Author Archives: Kyle French

Kyle French

September 18, 2014

I’m getting tired of Christians talking about liberals and conservatives.  The proper dichotomy for us is the world and the kingdom of God.  Are Democrats acting like communists?  They are being worldly.  Are Republicans acting like monarchs?  They are being worldly.  Is the church full of people who do not know the word of God or acknowledge it’s power?  They are being worldly.

Did a politician somewhere act to undermine the government’s ability to stand in the place of God?  Perhaps they are not far from the kingdom.

Of course, if someone were to explain exactly how godliness is the enemy of tyranny, it might offend some people.

Sing Over Me

 

This is actually kind of hard to replicate.  Home groups are a very effective tool for ministry, and Dennis Jernigan is a wonderful man of God.  But a home group leader often has to have a certain level of knowledge and skill: in music, in prayer, in reading; and a deep care for the saints.  So a side-line in leading a home group (just like leading a church) is identifying and training replacements.

Whence Devotion?

Ok.  This is what I was talking about yesterday.

I accidentally turned this morning to 2 Corinthians, instead of 1 Corinthians, and ran across this near familiar verse:  “But I fear, lest somehow, as the serpent deceived Eve by his craftiness, so your minds may be corrupted from the simplicity that is in Christ” (2 Cor 11:3).  The version I remember included the phrase “simplicity of devotion to Christ.”

Now, I’ve been King James-ing lately, mostly because I don’t want to be disturbed by textual issues when I’m trying to read devotionally.  The first Bible I read all the way through was a New King James, so I’m less likely to get hung up by a phrase I almost remember right.

(The King James tradition also happens to be the only series of Bibles left that use the Textus Receptus version of the New Testament, that is the version of the Greek text that was understood by most Christians for most of history to be closest to the original wording.  The TR today is considered more of a Textus Emeritus, retired and out of favor, replaced by the NA/UBS text, which was cobbled together by expert scholars from various alternative renderings they found in recessed archives of monasteries around the world.  The general argument seems to have been that the text that Christians didn’t read in their native Greek tongue for a thousand of years is more likely to be accurate to the original.  This is on account of the fact that Christians who read their bibles publicly together for their own spiritual good are much more likely to change the text on a whim than are scholars who need to find something new to say in order to get paid.  So there’s that.)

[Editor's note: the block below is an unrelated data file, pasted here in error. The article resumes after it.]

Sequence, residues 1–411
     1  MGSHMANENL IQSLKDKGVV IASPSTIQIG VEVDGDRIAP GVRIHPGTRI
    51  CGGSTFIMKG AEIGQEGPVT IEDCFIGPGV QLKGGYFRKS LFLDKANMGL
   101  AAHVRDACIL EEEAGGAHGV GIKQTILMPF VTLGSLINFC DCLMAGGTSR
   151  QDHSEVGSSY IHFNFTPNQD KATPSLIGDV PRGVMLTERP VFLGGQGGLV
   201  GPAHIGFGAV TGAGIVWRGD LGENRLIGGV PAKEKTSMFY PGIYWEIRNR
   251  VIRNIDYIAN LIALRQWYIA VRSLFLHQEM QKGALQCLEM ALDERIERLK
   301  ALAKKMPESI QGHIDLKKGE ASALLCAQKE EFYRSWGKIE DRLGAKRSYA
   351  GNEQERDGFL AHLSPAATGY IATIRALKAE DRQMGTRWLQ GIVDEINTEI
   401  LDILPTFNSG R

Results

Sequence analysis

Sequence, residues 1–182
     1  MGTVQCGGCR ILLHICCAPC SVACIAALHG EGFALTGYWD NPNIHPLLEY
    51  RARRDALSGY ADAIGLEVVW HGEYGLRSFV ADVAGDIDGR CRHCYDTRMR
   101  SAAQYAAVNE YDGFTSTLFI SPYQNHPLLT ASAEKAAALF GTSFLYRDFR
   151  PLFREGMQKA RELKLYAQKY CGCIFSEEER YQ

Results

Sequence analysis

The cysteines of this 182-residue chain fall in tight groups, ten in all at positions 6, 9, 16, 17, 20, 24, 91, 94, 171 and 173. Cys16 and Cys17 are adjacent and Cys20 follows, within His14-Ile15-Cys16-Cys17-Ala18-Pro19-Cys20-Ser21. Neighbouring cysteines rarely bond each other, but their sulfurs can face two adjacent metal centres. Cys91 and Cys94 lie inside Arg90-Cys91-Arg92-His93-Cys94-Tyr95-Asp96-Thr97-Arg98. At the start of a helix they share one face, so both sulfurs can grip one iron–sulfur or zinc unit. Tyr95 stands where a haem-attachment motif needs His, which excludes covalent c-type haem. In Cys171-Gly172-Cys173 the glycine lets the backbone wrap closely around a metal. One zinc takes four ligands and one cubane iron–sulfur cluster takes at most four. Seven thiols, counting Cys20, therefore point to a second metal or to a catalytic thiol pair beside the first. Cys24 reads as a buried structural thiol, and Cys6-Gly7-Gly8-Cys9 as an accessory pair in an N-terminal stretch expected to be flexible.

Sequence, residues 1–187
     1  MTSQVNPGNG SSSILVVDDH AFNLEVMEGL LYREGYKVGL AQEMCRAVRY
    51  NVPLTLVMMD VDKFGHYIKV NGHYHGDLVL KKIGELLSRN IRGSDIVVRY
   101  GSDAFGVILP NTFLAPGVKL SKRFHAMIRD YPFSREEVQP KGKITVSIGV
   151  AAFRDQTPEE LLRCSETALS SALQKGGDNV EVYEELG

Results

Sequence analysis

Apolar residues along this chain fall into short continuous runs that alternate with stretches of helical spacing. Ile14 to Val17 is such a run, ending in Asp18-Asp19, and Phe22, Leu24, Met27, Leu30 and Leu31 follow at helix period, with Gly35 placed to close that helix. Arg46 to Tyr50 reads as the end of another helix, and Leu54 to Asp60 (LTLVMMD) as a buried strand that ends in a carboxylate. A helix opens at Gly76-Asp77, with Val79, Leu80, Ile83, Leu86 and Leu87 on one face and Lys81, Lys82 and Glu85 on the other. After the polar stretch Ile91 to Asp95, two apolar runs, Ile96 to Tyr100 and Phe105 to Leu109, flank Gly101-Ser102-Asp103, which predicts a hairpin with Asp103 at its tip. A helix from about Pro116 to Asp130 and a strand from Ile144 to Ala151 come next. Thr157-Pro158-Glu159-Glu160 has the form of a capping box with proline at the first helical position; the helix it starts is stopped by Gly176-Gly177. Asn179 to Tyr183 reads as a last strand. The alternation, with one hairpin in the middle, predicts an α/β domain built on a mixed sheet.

Anyway, the word that seems to have popped out of existence is “devotion.”  Apparently, in this case, the phrasing I remember is from the NIV or something.  So I go hunting.  Sure enough, NIV, ESV, and a host of other translations include the word “devotion.”  But not all of them, and that’s weird.  If it was a textual issue, then I would expect all the NA/UBS versions to have the word and all the TR versions to be missing it.  All the TR versions are in fact missing it, but not all the NA/UBS versions have it.

So I start looking at footnotes.  There is a textual criticism issue here, but the word in question is “purity.”  The  TR reads “the simplicity that [is] in Christ” and the NA/UBS reads “the simplicity and purity that [is] in Christ.”

So whence devotion?  That’s a translator’s decision.  Somewhere in the last hundred years, some translator thought that the phrase “simplicity and purity that is in Christ” didn’t make a lot of sense, and needed to be made more clear.  So this fine fellow added the phrase “devotion to” so that we would understand just where all the simplicity the purity comes from. It sounded nice, and so translators that followed him added it in as well, probably supposing that there was a longstanding tradition of putting it there.  And, ironically, that would be where the longstanding tradition came from.

Friends, I hope you can see the problem.  This is the gospel we’re talking about.  Where does salvation come from?  Does it come from simply Jesus, or does it come from devotion to Jesus? You say I quibble.  Very well, I quibble.  But devotion can be measured, in tears and in hours.  Jesus can’t be measured.  You say the devotion we have comes as a gift, just as faith does.  Yes, surely it does.  But is it the devotion, or the faith that saves you?  Does devotion come from faith, or does faith come from devotion?

Anything good and faithful that you want to say about this text, especially in light of the context around it, you can say better without the word “devotion.”  In fact, you have to make some pretty robust and complicated arguments if you want to convince somebody to put it in. But those arguments weren’t made, at least not in public. A Bible translator tossed it in because he wanted to be helpful.

And this is what makes me want to take people and shake them, when I hear talk about “phrase for phrase” verses “word for word” translation, or “dynamic equivalent.”  Because that’s not translation.  That’s interpretation.  Please, oh please, won’t you trust the word of God to the people of God?  Give us all the aids you think are necessary.  Guide us and argue for your convictions, but leave the interpretation to us!

I have got to learn more Greek